Figure 54

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This picture shows the subdued, 1 50 km diameter, crater Ptolemaeus. The crater is filled to about half its original depth by the Cayley Formation, a unit with a gently undulating, nearly smooth surface. This unit forms similar smaller pools in numerous irregular depressions at various levels on the rim, flank, and wall of Ptolemaeus. The Cayley Formation consists of patches of light colored plains materials that fill most depressions peripheral to the Fra Mauro Formation (fig. 44) in the central earthside lunar uplands. Undulating surface features on the Cayley include very subtle circular depressions (d) 10 to 15 km in diameter that are more than an order of magnitude larger than the craters superposed on the Cayley, and irregular swells, swales, and scarps. Other surficial features are small, equidimensional, steep sided hills (h). The latter may have been formed on the surface of the Cayley by eruption of material from within the unit. In addition, more than 30 small craters on the Cayley have small central mounds (fig. 55). These mounds may represent relatively strong material that underlies a weak surficial layer of post Cayley regolith, indicating that the regolith is thicker here than on mare surfaces.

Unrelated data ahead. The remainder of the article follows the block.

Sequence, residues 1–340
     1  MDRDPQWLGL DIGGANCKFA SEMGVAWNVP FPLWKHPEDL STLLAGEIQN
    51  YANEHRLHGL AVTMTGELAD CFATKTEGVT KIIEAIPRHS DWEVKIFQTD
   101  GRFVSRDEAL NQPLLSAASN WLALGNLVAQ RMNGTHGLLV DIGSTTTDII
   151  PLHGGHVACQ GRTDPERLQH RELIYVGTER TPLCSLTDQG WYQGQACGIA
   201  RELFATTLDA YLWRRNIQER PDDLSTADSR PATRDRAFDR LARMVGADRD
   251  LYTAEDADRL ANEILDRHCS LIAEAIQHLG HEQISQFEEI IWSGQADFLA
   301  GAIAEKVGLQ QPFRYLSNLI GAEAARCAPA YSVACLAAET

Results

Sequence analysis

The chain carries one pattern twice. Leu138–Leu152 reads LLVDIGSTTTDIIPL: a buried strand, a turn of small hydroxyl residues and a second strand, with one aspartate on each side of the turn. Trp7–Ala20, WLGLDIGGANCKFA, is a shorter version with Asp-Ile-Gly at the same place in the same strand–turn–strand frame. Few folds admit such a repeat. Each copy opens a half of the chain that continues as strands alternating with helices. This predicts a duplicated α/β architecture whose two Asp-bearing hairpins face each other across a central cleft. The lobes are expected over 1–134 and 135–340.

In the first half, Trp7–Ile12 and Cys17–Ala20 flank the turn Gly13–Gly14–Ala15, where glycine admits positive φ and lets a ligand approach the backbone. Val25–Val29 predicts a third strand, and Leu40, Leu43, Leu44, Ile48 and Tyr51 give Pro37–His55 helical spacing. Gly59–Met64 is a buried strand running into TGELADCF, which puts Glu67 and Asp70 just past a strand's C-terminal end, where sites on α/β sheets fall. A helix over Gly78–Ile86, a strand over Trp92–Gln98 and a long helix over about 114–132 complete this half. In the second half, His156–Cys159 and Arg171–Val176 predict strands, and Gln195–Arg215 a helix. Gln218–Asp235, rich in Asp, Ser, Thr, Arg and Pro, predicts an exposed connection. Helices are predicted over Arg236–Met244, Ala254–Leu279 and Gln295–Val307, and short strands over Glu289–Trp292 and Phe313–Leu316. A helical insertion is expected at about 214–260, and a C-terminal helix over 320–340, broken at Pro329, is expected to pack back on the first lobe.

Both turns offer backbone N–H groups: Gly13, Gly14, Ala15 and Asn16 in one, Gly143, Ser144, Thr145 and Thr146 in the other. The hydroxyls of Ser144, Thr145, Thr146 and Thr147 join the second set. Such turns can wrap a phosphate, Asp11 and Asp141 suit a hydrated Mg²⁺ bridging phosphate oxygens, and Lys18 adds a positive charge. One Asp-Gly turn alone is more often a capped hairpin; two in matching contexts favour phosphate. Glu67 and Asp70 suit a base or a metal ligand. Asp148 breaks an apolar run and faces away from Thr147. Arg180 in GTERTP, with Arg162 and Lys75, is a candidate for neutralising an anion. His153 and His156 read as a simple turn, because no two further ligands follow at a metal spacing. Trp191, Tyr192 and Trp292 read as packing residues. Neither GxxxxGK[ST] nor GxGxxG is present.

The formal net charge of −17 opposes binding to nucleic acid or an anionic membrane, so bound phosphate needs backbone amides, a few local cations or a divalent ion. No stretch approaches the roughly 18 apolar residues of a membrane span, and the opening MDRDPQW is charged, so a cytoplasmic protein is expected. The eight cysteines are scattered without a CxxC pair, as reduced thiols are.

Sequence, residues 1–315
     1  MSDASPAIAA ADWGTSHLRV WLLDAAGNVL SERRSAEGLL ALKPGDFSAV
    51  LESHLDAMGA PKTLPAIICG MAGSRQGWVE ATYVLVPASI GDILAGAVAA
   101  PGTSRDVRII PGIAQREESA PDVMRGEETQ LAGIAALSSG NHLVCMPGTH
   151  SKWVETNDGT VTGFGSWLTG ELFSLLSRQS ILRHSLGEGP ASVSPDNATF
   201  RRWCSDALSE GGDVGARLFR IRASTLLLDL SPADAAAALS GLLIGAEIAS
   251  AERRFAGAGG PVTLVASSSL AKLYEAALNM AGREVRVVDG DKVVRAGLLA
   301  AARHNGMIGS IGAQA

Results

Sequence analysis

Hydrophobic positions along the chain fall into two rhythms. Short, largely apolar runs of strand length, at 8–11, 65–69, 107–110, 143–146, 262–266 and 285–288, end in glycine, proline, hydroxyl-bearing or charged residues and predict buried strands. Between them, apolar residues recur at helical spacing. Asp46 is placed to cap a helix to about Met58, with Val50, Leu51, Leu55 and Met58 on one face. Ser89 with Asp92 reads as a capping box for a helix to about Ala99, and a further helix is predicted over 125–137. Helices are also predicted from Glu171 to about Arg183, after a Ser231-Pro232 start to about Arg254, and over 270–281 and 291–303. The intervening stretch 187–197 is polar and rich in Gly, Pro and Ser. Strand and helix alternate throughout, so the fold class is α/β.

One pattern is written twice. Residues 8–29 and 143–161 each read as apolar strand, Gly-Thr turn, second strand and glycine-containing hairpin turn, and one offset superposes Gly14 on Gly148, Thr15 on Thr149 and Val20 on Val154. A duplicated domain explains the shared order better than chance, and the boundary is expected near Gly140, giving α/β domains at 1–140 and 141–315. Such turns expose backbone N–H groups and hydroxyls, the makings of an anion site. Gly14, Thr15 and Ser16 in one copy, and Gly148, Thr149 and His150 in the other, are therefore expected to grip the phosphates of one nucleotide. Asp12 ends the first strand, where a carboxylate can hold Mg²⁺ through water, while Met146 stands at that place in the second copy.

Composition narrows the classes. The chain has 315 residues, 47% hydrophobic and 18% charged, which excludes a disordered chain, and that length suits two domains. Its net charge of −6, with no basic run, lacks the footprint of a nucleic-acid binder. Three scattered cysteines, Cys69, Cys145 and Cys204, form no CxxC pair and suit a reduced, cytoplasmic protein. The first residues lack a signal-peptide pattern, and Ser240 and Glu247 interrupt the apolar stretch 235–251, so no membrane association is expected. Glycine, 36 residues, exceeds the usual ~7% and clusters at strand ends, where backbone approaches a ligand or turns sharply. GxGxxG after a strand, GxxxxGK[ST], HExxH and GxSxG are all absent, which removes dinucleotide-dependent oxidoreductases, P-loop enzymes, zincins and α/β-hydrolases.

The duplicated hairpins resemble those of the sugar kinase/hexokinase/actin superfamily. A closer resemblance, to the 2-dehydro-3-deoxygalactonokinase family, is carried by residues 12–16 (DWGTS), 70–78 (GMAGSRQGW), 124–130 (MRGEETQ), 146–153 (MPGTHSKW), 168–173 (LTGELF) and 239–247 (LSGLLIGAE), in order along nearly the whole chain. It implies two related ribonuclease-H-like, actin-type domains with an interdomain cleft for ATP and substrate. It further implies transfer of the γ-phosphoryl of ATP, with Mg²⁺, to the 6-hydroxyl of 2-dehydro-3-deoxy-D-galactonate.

The deposition of the Cayley in pools indicates that it moved partly as a fluid. The distribution of the pools peripherally to a deposit of basin ejecta, the Fra Mauro Formation, indicates a related origin. The large, subdued crater forms suggest that the Cayley material is a draped blanket of fragmental material. Therefore, my colleague G. G. Schaber and I have suggested that the Cayley is a deposit of basin ejecta that became segregated from the ballistically transported ejecta that formed the Fra Mauro Formation around the Imbrium basin. The Cayley was transported separately as a fluidlike cloud that flowed along the ground across the whole region; portions were left behind to accumulate in local depressions .  R.E.E.

 Report Source: NASA SP-362, Page 64, Figure 54

This web page was created by Francis Ridge for The Lunascan Project
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